The isomerization process of the invention produces a reaction product containing conjugated fatty acid methyl esters and potassium salts of conjugated fatty acids, in which at least about 95 percent of the unconjugated polyene fatty acid esters have been converted into conjugated forms. Generally, the reaction product contains conjugated fatty acid methyl esters and potassium salts of conjugated fatty acids in a ratio of about 10:1.

Several options exist for treating the reaction product further. For example, the reaction product can be combined with water to produce an oil phase containing the conjugated fatty acid methyl esters and a water phase containing the potassium salts of conjugated fatty acids. The water phase can then be separated and treated with a 98% aqueous sulfuric acid solution in an amount of from about 1 to about 20 percent by weight to convert the potassium salts of conjugated fatty acids into conjugated free fatty acids. Both the conjugated fatty acid methyl esters and the conjugated free fatty acids can then be dried under a vacuum of greater than about 24 inches of Hg and a temperature of about 110° C. until any residual water content is less than about 0.5 percent by weight.

Alternatively, the reaction product can be combined with a 98% aqueous sulfuric acid solution in an amount of from about 1 to about 20 percent by weight to convert the potassium salts of conjugated fatty acids into conjugated free fatty acids. The resulting product can then be dried under a vacuum of greater than about 24 inches of Hg and a temperature of about 110° C. until any residual water content is less than about 0.5 percent by weight. Optionally, the conjugated fatty acid methyl esters can then be separated from the conjugated free fatty acids.

In yet another alternative, the reaction product can be combined with a 98% aqueous sulfturic acid solution in an amount of from about 1 to about 20 percent by weight to convert the potassium salts of conjugated fatty acids into conjugated free fatty acids. A methylating agent can then be added to the mixture to methylate the conjugated free fatty acids to generate a product comprising greater than about 95 percent by weight conjugated fatty acid methyl esters, which can then be dried according to the procedure outlined above. Suitable methylating agents include but are not limited to dimethyl carbonate, methyl formate, methyl acetate, dimethyl sulfoxide, dimethyl sulfide, trimethyl borate, and nitromethane.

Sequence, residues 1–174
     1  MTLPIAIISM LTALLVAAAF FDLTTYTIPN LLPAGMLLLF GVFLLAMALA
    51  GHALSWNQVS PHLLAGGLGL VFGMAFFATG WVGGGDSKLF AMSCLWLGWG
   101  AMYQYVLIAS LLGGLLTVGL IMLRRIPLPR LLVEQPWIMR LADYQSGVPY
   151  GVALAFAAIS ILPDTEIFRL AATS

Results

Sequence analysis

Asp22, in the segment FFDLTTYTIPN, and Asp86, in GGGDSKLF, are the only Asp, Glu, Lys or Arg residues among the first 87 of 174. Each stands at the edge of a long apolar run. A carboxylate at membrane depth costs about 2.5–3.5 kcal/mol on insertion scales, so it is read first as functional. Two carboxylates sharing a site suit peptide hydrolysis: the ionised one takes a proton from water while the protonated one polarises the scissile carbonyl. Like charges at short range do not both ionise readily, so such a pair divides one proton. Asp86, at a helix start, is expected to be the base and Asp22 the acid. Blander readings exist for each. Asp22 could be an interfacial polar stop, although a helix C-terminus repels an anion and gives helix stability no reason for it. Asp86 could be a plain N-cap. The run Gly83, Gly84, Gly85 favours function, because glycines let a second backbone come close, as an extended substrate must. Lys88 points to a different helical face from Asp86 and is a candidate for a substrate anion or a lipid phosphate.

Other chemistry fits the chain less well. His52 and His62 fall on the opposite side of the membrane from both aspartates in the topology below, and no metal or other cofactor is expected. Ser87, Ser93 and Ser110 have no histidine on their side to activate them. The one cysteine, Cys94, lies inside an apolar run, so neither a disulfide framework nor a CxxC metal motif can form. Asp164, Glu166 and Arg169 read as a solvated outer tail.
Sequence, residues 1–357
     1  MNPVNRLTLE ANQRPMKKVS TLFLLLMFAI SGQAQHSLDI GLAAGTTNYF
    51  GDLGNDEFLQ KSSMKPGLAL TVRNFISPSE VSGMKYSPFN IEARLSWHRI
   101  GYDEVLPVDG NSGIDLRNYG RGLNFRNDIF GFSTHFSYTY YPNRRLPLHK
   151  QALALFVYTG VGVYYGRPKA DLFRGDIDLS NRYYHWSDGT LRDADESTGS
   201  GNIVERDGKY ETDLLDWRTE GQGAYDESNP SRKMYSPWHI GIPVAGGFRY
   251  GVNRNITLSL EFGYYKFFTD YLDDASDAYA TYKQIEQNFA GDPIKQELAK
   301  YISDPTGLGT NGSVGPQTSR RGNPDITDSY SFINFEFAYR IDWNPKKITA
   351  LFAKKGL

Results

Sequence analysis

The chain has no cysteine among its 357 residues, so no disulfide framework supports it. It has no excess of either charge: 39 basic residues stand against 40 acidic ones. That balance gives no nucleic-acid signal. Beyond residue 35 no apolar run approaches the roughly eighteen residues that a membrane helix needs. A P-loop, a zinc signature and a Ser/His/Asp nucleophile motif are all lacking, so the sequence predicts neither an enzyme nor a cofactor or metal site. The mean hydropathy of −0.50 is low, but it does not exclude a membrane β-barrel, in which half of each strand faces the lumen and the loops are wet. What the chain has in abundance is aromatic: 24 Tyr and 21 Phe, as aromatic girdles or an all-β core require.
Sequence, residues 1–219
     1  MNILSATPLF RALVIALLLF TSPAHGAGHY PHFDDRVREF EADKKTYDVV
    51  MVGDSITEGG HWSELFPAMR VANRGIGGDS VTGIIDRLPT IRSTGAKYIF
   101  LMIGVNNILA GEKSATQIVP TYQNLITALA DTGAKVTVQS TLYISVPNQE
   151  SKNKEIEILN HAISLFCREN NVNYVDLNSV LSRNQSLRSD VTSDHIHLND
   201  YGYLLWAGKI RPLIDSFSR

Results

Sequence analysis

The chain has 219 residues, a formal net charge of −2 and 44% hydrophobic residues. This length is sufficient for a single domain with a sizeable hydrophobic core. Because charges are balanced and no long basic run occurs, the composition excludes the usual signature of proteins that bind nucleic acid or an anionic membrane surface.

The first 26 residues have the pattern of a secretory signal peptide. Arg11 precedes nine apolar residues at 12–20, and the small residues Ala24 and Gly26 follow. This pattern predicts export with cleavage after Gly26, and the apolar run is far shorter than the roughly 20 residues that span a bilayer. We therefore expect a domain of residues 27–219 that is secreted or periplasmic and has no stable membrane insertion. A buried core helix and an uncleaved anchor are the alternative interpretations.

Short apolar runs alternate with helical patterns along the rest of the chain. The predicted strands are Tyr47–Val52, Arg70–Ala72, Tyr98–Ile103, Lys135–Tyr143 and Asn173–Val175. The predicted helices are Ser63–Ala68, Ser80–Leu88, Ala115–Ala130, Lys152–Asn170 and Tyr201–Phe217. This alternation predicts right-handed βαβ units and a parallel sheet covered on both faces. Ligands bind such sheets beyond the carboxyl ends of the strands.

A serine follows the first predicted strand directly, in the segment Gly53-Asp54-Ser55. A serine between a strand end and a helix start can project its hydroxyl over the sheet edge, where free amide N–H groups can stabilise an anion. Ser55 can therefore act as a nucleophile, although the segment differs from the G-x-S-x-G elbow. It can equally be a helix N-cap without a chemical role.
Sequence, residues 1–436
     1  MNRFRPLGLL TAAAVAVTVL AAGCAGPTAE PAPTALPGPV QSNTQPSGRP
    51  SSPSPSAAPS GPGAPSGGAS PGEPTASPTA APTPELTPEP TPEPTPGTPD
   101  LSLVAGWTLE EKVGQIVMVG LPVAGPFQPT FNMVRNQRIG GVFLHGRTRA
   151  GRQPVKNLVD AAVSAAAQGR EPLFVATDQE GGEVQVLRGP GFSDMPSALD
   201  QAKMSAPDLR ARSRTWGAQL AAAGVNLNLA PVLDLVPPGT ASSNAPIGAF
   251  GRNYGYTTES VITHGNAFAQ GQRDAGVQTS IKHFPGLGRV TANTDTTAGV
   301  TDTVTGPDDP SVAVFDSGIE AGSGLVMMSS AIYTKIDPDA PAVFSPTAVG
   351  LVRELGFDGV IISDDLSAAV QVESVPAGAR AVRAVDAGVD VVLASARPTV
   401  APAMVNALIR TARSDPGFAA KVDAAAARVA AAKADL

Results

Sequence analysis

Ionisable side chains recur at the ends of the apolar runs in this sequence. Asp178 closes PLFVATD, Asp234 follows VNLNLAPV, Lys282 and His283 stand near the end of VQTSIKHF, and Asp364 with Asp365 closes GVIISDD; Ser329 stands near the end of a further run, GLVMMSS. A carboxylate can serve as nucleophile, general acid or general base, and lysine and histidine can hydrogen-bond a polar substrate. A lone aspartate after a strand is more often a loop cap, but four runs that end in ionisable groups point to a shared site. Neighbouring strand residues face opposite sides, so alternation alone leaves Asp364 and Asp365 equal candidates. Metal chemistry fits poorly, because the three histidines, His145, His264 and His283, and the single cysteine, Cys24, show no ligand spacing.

All documents, e.g., patents, journal articles, and textbooks, cited above or below are hereby incorporated by reference in their entirety.

One skilled in the art will recognize that modifications may be made in the present invention without deviating from the spirit or scope of the invention. The invention is illustrated further by the following examples, which are not to be construed as limiting the invention in spirit or scope to the specific procedures or compositions described therein.

EXAMPLE 1

A two-liter pressure reactor was charged with 750 grams of soy methyl ester containing 53% linoleic fatty acid methyl ester and 8% linolenic fatty acid methyl ester, and a nitrogen purge was started. Agitation was started, and the soy methyl ester was then heated to 50° C., following which 22.5 grams of potassium methoxide was added in solid form. Methanol was then added in amount of 30 grams, and the reactor contents were heated to 65° C. Nitrogen purge was then discontinued, and the reactor was sealed. The reactor contents were then heated to 150° C. and held at that temperature with agitation for one hour. Pressure within the reactor was 60 psi. The reaction product was then cooled and an analysis revealed that 93.5 percent of the conjugatable material (the linoleic and linolenic fatty acid methyl esters) had been converted into conjugated forms.